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    Die Hard Arcade

    Game » consists of 5 releases. Released 1996

    An arcade action title developed by Sega features the plot, but not the events of Die Hard the film.

    Short summary describing this game.

    Die Hard Arcade last edited by jjroberts on 12/22/22 10:59AM View full history


    Die Hard Arcade is a 3D brawler developed by Sega, released in 1996 in arcades and later ported to the Saturn. The game was originally released as Dynamite Deka (literally "Dynamite Detective") in Japan and was clearly "inspired" by - but in no way officially connected to - the film Die Hard. When the game was brought over to the United States, rather than removing or editing any overt references to the film, Sega got the rights to the Die Hard license, and re-branded the game as Die Hard Arcade. The game features two playable characters, John McClane (Bruno Delinger in the Japanese version) and Cindy Holiday, a female SWAT member. The actors from the film did not support the game with voice work.


    No Caption Provided

    December 31st, 2015. San Fransisco's Eternal Tower is host to its annual New Year's party, with countless VIP guests from the world of finance and politics. Infiltrating the building's security team, Wolf Hongo and his band of terrorists have seized control over the building, and taken the President's daughter hostage! SFPD veteran and "Dynamite Cop" Bruno Delinger/John McClane and newly-transferred rookie Cindy Holiday are sent in via helicopter to take on the terrorists and rescue the VIP hostage.


    Die Hard Arcade is a 3D beat 'em up where the player fight their way through the occupied building, using fists, feet, firearms, and a number of improvised melee weapons to defeat Wolf Hongo and his veritable army of terrorists. In each scene, set number and types of enemies spawn in predetermined locations, and once every enemy in a room has been defeated, the game moves on to the next scene. Although the game is in 3D, player and enemy characters can only attack to the left or right, and movement on the Z-axis is limited to sidestepping. In that sense, the game plays more like earlier beat 'em ups such as Final Fight and the Streets of Rage series, rather than its sequel or later 3D brawlers like SpikeOut. Much like those 2D predecessors, precise Z-axis movement to avoid lining up with enemies' attacks is a key survival tactic.

    Despite its simple controls with 2D movement and only three buttons (Punch, Kick and Jump), the game offers a surprising depth with plenty of abilities for the player to master. The player characters have a vast array of martial arts moves at their disposal: everything from simple punches and kicks to elaborate wrestling moves like piledrivers and giant swings. Using Virtua Fighter-style inputs for movement and attacks, the player can perform special attacks specific to running, dashing, jumping or grappling states, and can even launch enemies into the air to perform devastating juggle combos.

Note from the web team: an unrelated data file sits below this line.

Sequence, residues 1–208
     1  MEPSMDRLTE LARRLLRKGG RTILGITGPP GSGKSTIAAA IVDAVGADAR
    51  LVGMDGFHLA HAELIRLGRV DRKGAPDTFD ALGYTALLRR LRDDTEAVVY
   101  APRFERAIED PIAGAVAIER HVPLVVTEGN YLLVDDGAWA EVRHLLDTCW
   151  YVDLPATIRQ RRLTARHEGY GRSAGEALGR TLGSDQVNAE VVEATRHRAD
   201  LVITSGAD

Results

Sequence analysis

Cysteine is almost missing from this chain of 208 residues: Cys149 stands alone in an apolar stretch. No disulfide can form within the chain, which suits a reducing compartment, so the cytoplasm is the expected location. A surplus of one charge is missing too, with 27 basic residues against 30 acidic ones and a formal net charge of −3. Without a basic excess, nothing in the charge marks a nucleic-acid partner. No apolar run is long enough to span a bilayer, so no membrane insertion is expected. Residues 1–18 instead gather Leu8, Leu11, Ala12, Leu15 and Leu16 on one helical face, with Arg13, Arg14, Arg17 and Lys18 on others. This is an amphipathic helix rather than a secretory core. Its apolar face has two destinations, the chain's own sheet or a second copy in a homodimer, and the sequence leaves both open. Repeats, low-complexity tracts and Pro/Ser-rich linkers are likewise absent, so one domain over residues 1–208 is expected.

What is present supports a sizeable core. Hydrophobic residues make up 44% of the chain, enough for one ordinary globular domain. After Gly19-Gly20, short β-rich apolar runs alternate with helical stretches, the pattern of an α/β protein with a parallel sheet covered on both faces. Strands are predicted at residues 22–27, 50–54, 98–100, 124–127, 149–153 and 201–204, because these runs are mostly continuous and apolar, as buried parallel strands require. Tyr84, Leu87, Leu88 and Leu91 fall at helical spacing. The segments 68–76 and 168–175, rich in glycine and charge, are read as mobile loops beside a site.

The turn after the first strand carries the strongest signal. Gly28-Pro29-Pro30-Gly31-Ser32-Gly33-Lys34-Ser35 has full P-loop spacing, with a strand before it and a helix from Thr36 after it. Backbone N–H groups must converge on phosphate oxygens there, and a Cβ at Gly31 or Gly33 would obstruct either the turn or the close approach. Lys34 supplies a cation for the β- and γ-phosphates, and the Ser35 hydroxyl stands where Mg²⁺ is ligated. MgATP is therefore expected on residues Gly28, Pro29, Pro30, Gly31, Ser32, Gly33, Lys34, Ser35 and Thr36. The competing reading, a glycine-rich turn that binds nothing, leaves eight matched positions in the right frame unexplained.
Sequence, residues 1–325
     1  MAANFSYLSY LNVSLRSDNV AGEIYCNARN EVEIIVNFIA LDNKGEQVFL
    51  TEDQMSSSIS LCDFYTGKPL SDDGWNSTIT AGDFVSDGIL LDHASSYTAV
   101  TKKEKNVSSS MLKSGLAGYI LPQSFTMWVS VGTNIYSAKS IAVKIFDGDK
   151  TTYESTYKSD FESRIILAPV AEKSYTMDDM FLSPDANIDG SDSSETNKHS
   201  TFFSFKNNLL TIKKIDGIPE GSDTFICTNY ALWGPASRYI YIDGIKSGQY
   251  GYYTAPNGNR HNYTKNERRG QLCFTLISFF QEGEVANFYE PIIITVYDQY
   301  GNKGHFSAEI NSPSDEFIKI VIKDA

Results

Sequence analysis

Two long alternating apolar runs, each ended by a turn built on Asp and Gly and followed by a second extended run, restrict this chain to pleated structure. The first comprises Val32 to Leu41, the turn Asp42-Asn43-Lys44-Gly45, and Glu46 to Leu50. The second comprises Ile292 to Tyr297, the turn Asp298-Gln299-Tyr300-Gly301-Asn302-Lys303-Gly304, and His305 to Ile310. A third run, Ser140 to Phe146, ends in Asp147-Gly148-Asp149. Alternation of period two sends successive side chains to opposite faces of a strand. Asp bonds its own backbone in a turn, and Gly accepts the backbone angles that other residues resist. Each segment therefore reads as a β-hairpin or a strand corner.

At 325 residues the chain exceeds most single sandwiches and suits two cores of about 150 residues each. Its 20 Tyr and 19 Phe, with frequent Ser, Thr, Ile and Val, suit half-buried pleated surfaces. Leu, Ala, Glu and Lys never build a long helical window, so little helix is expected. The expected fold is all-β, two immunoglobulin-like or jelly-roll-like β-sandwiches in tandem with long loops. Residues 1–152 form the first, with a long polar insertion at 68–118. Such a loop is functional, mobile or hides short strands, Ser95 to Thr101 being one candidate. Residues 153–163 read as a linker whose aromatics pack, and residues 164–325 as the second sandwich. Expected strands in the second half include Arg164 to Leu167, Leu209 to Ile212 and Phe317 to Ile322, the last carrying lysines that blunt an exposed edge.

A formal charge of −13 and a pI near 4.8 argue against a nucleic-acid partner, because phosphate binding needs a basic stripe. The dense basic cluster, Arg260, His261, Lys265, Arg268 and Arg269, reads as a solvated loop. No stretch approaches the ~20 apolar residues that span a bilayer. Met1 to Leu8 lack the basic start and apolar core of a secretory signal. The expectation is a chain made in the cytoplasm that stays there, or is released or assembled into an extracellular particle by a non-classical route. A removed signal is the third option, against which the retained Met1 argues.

In addition to hand to hand combat, throughout the game the player is able to pick up and use a number of melee and ranged weapons. Broken bottles, push brooms, steel pipes and other familiar brawler weapons make their appearance, but also firearms such as handguns, sub-machine guns and anti-tank rifles. Most weapons can only be used a set number of times before they break or run out of ammo, and are then discarded. However, picking up extra handgun or sub-machine gun magazines allows the player to reload those gun to extend their use.

    One of the many quick time events
    One of the many quick time events

    A unique and memorable feature of the game is its early use of quick time events. As the player travels from one location to the next, cutscenes are commonly interrupted by joystick or button prompts; inputting the buttons correctly and in time allows the player to dodge or bypass whatever obstacle the game is throwing at them, whereas failing typically results in the player having to face off against additional groups of enemies.

    Upon reaching the top of the building, players face off against Wolf Hongo in a final, two-phase boss fight. The first phase takes place in the CEO's office, but after being defeated once, Wolf retreats to the roof of the building where the final showdown takes place. After defeating Wolf, the President's daughter is recovered safe and sound, and when played by a single player, the game ends. However, in co-op mode, the two players must face each other in a competition to become the President's daughter's new bodyguard - reminiscent of the final battle in the original Double Dragon.


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